COLUMBUS, Miss. (WCBI)- They’ve dodged a bullet…at least for now. Biofuels company Kior received a $25 Million investment Tuesday from venture capitalist Vinod Khosla, helping them stay afloat.
“Mr. Khosla had agreed. As we understand it’s going to be in $5 million increments. That’s about what it takes to run the facility for a month as I understand it. So they’ve got the money they were hoping they would get,” said Joe Higgins, CEO of Golden Triangle Development Link.
The money came just in time. The alternative fuels maker had to meet short term expenses this week, including payments to the state. The Texas-based company opened its $225 million plant in Columbus 18 months ago. Last month, Kior announced it was idling the plant because it was almost out of money. The new deal could allow the company to operate until August.
“As I understand it, what they’ll be doing is working to advance the technology and continue to make the upgrades to the plant in hopes that they can finally get over that hump to where they’re being profitable at a level where they need to be. A lot of people have questions like, what if they don’t make it? What does that do to Columbus and Lowndes County? Well, we’re not hurt from a financial standpoint. But what you can’t ignore is that there’s 110 people, 110 families that would be impacted if they lost those jobs out there. If they do not succeed it will have an adverse effect on our community,” said Higgins.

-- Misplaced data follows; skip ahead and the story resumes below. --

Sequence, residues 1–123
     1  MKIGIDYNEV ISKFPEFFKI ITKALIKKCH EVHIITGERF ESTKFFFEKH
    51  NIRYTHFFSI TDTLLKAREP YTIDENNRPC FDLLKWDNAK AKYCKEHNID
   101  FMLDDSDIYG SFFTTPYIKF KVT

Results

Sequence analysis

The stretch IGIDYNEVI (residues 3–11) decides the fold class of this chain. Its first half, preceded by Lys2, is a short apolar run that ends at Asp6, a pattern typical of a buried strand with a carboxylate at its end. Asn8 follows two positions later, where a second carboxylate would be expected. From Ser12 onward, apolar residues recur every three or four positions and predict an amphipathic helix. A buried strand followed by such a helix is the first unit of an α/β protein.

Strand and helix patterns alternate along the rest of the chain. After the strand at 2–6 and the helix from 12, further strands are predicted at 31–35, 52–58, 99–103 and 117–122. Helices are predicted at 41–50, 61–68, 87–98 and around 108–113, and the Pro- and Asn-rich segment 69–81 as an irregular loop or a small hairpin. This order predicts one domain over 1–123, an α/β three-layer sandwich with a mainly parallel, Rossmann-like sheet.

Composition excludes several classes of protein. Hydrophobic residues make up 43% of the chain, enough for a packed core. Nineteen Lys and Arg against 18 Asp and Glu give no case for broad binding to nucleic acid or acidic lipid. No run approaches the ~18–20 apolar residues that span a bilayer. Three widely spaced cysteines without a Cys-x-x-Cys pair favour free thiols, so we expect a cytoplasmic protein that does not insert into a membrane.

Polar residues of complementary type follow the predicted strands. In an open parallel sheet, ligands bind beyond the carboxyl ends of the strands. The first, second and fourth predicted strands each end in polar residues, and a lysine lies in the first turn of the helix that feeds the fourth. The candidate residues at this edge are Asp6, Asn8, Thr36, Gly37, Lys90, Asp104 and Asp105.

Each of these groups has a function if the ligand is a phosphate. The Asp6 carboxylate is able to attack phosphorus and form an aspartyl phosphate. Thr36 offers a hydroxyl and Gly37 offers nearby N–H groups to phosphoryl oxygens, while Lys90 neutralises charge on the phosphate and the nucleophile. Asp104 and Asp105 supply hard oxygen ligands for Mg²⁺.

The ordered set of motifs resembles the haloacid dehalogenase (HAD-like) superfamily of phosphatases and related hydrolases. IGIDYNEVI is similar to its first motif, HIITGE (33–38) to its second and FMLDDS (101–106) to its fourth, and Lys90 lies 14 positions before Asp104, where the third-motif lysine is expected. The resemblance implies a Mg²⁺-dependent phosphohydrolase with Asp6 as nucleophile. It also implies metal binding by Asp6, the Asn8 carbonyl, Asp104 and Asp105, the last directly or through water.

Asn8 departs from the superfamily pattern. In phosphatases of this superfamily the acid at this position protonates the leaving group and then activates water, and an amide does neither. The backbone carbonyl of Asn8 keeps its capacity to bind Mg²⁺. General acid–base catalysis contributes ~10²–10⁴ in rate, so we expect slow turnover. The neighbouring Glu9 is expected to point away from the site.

Dr. Todd French is a chemical engineering associate professor at Mississippi State University. He says he’s hoping for the best.
“This is a really nice, commercial step forward for non food related biofuels. We just really want to see them be successful because if they win, then all these other technologies that are being developed that use non-fuel biomass has a chance and they can see a path forward in commercialization,” said Dr. French.
Dr. French also says results from new technologies and industries take time.
“With the future we just have to understand that these developing technologies require time and there are hurdles that have to be overcome as you start going from the lab to the pilot to a demo, to a full commercialization and these things, you know, just take time to develop,” said Dr. French.
The “What if” no one wants to talk about is what would happen if the plant were to fail? It’s built for a very specific purpose and would be hard to turn into something else. For now, no one will even speculate.
There is no date at this time for when production will begin again. As the announcement of the deal spread, Kior’s stock also rose. Industry leaders say they hope with today’s announcement and changes in management this will lead to more good news for Kior.